How Much Hidden Talent is In Your Staff?

Paul Potts is a cell phone salesman in the UK. He's completely unassuming--bad teeth, a little overweight, not much of a dresser. The last person you'd imagine taking the stage as a serious contestant on Britain's Got Talent, the UK version of American Idol. But beneath that quiet exterior is a most amazing voice. It literally gave me chills to listen to him. And it made me wonder how much... Read more →

More Support for a Results Oriented Work Environment

Some more support for the Results Oriented Work Environment I've been spouting off about lately. . . Today's New York Times has an interesting article--Time Wasted? Perhaps It's Well Spent. It notes: American workers, on average, spend 45 hours a week at work, but describe 16 of those hours as “unproductive,” according to a study by Microsoft. America Online and, in turn, determined that workers actually work a total... Read more →

Attracting Older Workers to the Nonprofit Sector

The Chronicle of Philanthropy is reporting today that nonprofit agencies lag behind business and government agencies in attracting older workers: Nonprofit groups lag significantly behind government agencies and businesses in their efforts to keep and recruit older workers, a new report concludes. "Many nonprofit leaders, boards, and funders show little interest in developing programs to attract and retain older adults as experienced executives, staff personnel, or volunteers in new, more... Read more →

Creating a Learning Climate for Nonprofit Staff

Awhile ago, Allan Benamer of the Nonprofit Tech Blog talked about nonprofit staff as knowledge workers and how technology and work processes need to support staff whose value comes primarily from their ability to make effective use of knowledge and information in working with customers. If we're to fully capitalize on the promise of a knowledge network, then staff need to have the tools, resources and supports necessary to truly... Read more →

Some Lessons From Biology

A few weeks ago, I was helping my 14-year old daughter study for her biology final. We spent quite a bit of time on genetics and evolution, including Gregor Mendel and principles of biodiversity. As serendipity would have it, around the same time I read a Kathy Sierra post on the need to add a little randomness to our lives. And it's had me thinking ever since. . . In... Read more →

We Need More Passion for the Work, Not the Organization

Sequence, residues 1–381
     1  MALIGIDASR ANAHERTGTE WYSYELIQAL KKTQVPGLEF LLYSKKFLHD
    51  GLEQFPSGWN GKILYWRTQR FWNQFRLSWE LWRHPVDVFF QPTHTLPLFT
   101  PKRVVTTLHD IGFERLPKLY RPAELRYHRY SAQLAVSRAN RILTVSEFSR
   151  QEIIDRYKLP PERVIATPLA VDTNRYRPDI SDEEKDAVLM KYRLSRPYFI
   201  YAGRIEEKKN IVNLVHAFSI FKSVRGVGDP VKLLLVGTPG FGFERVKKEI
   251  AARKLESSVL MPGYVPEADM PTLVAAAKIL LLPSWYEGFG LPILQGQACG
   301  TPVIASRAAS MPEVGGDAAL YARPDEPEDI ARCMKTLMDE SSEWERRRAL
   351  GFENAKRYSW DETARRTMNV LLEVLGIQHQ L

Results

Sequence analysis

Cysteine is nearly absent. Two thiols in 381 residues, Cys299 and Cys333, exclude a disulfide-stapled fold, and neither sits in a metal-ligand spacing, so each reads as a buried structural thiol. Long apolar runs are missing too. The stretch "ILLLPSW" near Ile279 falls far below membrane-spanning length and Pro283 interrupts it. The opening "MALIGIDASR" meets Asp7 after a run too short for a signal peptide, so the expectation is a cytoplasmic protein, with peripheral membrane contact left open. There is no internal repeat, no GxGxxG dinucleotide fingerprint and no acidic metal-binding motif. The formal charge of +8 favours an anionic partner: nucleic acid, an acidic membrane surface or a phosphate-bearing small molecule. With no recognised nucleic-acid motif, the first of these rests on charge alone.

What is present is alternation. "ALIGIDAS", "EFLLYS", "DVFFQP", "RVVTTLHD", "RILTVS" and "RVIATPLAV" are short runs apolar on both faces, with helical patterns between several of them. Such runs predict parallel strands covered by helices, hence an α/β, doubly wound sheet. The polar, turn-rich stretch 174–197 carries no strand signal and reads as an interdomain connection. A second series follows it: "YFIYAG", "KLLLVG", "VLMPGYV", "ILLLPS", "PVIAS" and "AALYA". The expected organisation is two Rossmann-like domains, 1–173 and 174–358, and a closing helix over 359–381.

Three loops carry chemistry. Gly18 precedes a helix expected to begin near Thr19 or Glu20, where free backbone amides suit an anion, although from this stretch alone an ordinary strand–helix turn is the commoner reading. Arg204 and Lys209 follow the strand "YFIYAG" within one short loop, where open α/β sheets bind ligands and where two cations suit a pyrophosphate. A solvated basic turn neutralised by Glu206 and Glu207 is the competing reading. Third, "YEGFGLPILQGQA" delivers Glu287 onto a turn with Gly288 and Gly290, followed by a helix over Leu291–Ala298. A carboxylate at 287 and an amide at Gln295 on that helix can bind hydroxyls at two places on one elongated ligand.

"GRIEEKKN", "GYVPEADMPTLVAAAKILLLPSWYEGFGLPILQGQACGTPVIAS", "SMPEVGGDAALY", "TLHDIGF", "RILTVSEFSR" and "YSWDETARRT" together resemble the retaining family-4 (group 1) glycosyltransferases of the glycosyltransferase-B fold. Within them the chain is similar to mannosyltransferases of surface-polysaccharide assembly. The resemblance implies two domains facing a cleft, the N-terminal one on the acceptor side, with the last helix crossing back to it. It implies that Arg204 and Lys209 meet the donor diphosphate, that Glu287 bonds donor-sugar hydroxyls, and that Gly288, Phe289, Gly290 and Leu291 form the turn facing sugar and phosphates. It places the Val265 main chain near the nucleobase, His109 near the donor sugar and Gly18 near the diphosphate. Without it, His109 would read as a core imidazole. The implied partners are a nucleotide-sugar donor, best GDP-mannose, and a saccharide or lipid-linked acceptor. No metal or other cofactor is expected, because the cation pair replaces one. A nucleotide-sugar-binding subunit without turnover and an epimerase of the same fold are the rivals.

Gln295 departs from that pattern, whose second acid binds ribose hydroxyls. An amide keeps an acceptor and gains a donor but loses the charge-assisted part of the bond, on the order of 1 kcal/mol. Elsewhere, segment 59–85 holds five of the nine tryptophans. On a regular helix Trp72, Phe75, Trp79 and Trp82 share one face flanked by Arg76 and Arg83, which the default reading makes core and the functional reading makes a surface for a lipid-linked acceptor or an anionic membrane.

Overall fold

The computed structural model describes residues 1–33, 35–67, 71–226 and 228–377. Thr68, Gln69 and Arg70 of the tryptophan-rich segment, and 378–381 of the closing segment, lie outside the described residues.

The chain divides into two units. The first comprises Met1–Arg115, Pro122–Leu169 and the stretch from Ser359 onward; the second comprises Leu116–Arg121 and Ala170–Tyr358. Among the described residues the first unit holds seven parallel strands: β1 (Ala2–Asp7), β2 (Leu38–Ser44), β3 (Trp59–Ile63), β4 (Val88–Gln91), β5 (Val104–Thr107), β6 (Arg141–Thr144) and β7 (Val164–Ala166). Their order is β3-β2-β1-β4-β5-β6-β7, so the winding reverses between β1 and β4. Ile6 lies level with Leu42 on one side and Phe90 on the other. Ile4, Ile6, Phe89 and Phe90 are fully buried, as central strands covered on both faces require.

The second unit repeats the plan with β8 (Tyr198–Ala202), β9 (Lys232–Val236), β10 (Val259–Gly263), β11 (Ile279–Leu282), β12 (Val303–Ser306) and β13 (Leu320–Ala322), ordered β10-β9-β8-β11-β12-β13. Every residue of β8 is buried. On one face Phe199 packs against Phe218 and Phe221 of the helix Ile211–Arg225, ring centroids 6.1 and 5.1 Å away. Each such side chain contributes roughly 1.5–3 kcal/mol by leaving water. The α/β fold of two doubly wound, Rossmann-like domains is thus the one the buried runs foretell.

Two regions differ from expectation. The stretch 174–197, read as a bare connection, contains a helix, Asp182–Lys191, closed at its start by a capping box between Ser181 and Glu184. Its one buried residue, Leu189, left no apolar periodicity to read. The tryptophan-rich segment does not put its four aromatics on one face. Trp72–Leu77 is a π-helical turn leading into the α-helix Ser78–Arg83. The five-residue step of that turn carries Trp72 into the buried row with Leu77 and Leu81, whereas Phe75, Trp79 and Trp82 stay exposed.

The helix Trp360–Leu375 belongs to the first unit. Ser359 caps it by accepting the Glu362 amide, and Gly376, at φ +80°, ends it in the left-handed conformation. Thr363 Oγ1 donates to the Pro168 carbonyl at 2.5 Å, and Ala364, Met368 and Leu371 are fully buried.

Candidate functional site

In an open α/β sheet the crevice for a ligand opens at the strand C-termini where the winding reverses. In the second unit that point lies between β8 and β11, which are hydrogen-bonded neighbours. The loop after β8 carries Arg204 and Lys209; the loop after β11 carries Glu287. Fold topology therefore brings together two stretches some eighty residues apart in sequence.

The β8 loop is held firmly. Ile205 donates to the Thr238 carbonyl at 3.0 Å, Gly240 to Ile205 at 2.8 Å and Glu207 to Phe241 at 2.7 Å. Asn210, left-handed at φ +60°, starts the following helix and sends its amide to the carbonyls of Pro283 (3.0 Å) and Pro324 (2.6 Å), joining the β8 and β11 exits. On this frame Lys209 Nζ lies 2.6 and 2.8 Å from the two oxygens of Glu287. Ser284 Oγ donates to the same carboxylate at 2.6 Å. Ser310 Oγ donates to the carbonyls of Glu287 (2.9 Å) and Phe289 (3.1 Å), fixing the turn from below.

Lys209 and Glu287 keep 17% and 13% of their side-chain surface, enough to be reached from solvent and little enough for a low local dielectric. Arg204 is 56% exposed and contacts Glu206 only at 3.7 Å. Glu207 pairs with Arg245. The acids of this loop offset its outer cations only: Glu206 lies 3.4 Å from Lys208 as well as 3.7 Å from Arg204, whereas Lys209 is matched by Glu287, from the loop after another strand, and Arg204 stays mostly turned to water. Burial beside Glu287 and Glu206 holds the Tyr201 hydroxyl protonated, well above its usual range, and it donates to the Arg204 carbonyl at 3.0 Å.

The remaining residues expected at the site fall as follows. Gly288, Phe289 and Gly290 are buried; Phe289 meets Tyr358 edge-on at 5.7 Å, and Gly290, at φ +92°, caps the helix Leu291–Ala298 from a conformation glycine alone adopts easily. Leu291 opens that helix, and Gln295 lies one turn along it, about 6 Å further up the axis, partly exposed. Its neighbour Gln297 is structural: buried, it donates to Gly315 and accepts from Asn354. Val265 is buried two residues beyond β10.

Kathy Sierra, one of my favorite bloggers, posted the other day about passion at work. She argues that we shouldn't be asking employees to feel passionate about the organization they work for, but the work that they do. What does it mean for me to be passionate about my work, as opposed to passionate about my organization? A passion for work means that: I'm committed to principles of excellence and... Read more →

5 Reasons You Don't Need Training

When management finds that staff are not engaging in work behaviors desired by the organization, they often turn to training as the response for "fixing" the problem. But training frequently isn't the answer. In this post I want to share 5 situations that won't be resolved by training: 1. To Make Up for Poorly Designed Work Processes--Many organizations have poorly designed work processes and customer flow. These processes have often... Read more →

It's Not Just About "Good Enough," It's About Empowerment

My post earlier this week on disruptive innovations and "good enough" solutions sparked an interesting response from Niels Unis: "Bamboo gives the example of micro-lending which has changed many people’s lives. What is so effective about micro-lending, among other things, is that it empowers people to change their own lives finding solutions in situations that they know and understand. This empowerment, however, is a radical idea, and much more than... Read more →

Creating Nonprofit Skill Networks

Lately I've been exploring the concepts of nonprofit networks here, what it takes to form and nurture connections among various nonprofits and between nonprofits and individuals. We've talked about building connectivity networks that link people to people, affinity networks that reinforce commonalities among network members and production networks that move affinities into collective action. The other day I was researching learning management systems for a client interested in tracking staff... Read more →

Nonprofit Networks Part Three: Using Technology to Build Connectivity

Yesterday we discussed connectivity networks and how they are the foundation of all collaborations. As you'll recall, connectivity networks link people to people and people to information. They are characterized by loose ties between people and they tend to form around "hubs" or people who are able to connect people to other people and to relevant information. All networks, especially connectivity networks, are strengthened by face-to-face interactions. These in-person connections... Read more →